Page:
A position is open for a Postdoctoral Researcher with a strong background in neuroscience to join the research laboratory of Dr. Robert Rissman, Professor of Neurosciences, University of California San Diego (UCSD). Applicants should hold (or soon receive) a Ph.D. in neuroscience or a related discipline. The research project will study the role of novel therapeutic strategies and biomarkers for Alzheimer’s disease (AD). The position is available immediately and located in La Jolla, California.
Major goals and objectives: to study the role of α -syn as a mediator of the toxicity of Aβ to selected neuronal populations in AD; investigate interactions with Rabs and ESCRTIII proteins, α -syn aggregates interfere with neuronal endosomal transport of neurotrophic factors (NTFs) leading to selective neuronal damage; study the role of α -syn as mediator of the selective neuronal loss in AD by interfering with Rabs and ESCRTIII leading to defective transport of NTFs; assess if brain-penetrating nucleotides targeting α -syn might reverse the endosomal alterations and protect selected networks from degenerating in AD.
• Immunohistochemistry and microscopy studies on brain and other tissues
• Behavioral assays and motivated behavior
• Work with genetically modified mice
• Live-cell imaging of neuronal/immune cell physiology
• Isolate and run biochemical experiments on protein & RNA isolated from mouse tissues
• Perform pharmacological manipulations in vivo
• Prepare and write manuscripts for publication
Applicants should hold (or soon receive) a Ph.D. in Neuroscience or a related discipline. Experience with rodent behavioral testing is preferred but not required. Successful applicants should be highly self-motivated, have outstanding experimental skills, and be able to think independently but also work well in a team. One first author publication from previous research work is required to be eligible.
• Curriculum Vitae – Your most recently updated CV
• Cover Letter
• 2-4 letters of reference
• First author publication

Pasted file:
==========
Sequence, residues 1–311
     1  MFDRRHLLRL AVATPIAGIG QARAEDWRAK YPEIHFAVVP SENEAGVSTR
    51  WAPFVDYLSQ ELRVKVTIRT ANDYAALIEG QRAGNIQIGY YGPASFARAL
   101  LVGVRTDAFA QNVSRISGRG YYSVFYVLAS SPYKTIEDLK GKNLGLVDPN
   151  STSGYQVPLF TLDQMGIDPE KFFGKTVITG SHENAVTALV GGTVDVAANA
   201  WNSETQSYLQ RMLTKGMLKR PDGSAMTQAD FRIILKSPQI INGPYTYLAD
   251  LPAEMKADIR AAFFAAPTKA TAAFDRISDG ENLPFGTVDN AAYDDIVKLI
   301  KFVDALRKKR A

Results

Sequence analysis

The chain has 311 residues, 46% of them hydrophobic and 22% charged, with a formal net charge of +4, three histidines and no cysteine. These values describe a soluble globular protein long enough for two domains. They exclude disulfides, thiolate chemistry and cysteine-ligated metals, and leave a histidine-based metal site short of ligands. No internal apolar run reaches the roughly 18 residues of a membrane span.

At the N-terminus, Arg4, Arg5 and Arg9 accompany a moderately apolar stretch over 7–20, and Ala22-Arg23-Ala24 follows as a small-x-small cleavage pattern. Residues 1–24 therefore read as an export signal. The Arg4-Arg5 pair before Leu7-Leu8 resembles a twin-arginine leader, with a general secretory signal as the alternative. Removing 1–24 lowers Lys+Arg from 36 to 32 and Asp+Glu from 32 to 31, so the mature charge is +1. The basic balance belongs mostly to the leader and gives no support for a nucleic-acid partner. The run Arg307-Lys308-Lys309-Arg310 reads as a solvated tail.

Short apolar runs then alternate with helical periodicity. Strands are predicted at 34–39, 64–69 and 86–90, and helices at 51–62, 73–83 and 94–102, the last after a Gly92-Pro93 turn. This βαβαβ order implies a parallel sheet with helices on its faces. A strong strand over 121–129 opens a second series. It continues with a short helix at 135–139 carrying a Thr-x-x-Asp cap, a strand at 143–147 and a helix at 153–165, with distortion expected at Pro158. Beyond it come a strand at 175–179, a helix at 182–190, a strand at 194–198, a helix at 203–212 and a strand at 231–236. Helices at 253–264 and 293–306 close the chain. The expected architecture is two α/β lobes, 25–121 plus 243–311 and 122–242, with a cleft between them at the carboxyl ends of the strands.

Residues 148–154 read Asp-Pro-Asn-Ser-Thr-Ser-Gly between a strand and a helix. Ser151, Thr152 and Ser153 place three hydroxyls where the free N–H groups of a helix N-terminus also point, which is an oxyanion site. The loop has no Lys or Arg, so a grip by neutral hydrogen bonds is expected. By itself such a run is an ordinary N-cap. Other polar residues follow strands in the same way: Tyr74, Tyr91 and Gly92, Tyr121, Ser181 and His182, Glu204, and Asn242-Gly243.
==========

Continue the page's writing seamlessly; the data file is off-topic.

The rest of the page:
UCSD’s Department of Neurosciences has a rich, internationally acclaimed history for its contribution to the research of neurodegenerative diseases, particularly AD. Research studies of AD and other neurodegenerative disorders at UC San Diego are part of the clinical bench strength of the UC System. For the past 30 years, UC San Diego has been a leader in AD research and home to the prestigious Shiley-Marcos Alzheimer’s Disease Research Center (ADRC) and the Alzheimer’s Disease Cooperative Study (ADCS).
Dr. Robert Rissman is a Professor of Neurosciences at the University of California San Diego (UCSD), conducting research in his laboratory on the UCSD School of Medicine campus in La Jolla, CA. Dr. Rissman is also the Director of Neuropathology and Biomarker Cores of UCSD’s Shiley-Marcos Alzheimer’s Disease Research Center (ADRC), a founding Director of the Alzheimer’s Disease Cooperative Study (ADCS) Biomarker Core, and has a joint appointment as a Research Biologist at the Veteran’s Administration San Diego.
The focus of Dr. Rissman’s basic science research is novel biomarker discovery studies in experimental neuropathology, focused primarily on Alzheimer’s disease (AD). A major focus is AD biomarkers and studying the utility and mechanistic underpinnings of neuronal exosomes, having published multiple manuscripts demonstrating the ability of tau and a-beta in neuronal exosomes to predict conversion from mild cognitive impairment (MCI) to AD. Dr. Rissman also investigates the contribution of stress and changes in stress signaling intermediates in AD neuropathology. Using transgenic animal models and in vivo pharmacology, experiments focus on identifying the role of corticotropin-releasing factor (CRF) receptors in beta-amyloid deposition, tau phosphorylation, behavioral, and synaptic changes. Dr. Rissman also examines postmortem human tissues to assay the specific changes that occur in the CRF signaling system during aging and Alzheimer’s disease.
Bibliography with this URL: https://www.ncbi.nlm.nih.gov/myncbi/1JYk0mJ2UiJ/bibliography/public/
All qualified applicants will receive consideration for employment without regard to race, color, religion, sex, sexual orientation, gender identity, national origin, disability, or status as a protected veteran.